To me both words are interchangeable. Norbert, I think the only problem was that you misread the Pons-Collins abbreviation. It means 'housebroken' *is* a US form, and that it corresponds to 'house-trained.' The colon after 'US' is the key. (-:
Where I part company with Pons-Collins is over the hyphen. If it's not a BE form anyway, why introduce an unnecessary BE spelling? Apparently 'house-broken' has already been deleted from LEO, or was never in, which is just as well.
Where I part company with the remaining LEO entries is over 'house trained' (needs a hyphen) and 'domesticate.' You tame or domesticate a wild animal (of any age); you housebreak or house-train a puppy or kitten. Figuratively housebreak can also mean more or less 'civilize,' but that's not really the same as domesticate, nor does it really seem to merit a separate entry.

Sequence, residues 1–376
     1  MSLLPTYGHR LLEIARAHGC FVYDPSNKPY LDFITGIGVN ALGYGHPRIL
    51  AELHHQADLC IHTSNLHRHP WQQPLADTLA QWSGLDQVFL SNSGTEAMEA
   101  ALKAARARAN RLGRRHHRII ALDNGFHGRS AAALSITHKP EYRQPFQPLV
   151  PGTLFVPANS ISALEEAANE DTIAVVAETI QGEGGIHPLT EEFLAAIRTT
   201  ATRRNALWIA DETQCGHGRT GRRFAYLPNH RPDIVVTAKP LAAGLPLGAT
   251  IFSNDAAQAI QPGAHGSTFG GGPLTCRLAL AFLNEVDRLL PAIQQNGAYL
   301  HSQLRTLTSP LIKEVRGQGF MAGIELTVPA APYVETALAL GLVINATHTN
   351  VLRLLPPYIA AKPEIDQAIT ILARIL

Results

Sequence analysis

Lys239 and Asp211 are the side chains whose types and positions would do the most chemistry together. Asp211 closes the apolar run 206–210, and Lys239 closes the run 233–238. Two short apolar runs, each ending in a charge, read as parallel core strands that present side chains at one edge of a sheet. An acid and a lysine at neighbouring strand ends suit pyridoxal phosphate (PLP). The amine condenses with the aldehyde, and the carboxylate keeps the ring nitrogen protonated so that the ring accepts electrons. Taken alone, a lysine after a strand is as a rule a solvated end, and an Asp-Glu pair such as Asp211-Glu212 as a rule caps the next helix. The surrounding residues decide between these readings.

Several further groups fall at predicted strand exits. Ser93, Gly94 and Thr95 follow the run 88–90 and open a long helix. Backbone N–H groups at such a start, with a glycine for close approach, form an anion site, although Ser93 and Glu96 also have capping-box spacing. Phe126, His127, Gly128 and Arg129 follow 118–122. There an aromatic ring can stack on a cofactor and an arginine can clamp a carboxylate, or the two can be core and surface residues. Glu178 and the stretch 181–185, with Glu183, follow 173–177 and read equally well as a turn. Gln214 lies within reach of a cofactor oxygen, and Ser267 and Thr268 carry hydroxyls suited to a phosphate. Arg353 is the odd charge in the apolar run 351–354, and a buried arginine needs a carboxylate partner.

Re the context of small children:
'House-train' here sounds as odd to me as 'sauber machen' apparently sounds to German speakers from some regions. It's explicitly marked [Brit.] in Oxford-Duden, which offers these translations:
house-trained = sauber <Kleinkind>
house-training = (small child) Sauberkeitsgewöhnung
For toddlers AE has instead 'toilet-train' and [coll.] 'potty-train.'
Norbert, can I ask you a favor? Instead of just listing dictionary.reference.com, could you mention the actual title of each source? That site is a particular pet peeve of mine, since it includes not only AHD 4th ed. which is of course fine, but also, more unfortunately (at least the last time I checked) Webster's 1913 under some false modern copyright date, and Wordnet which is not really a published dictionary at all AFAIK.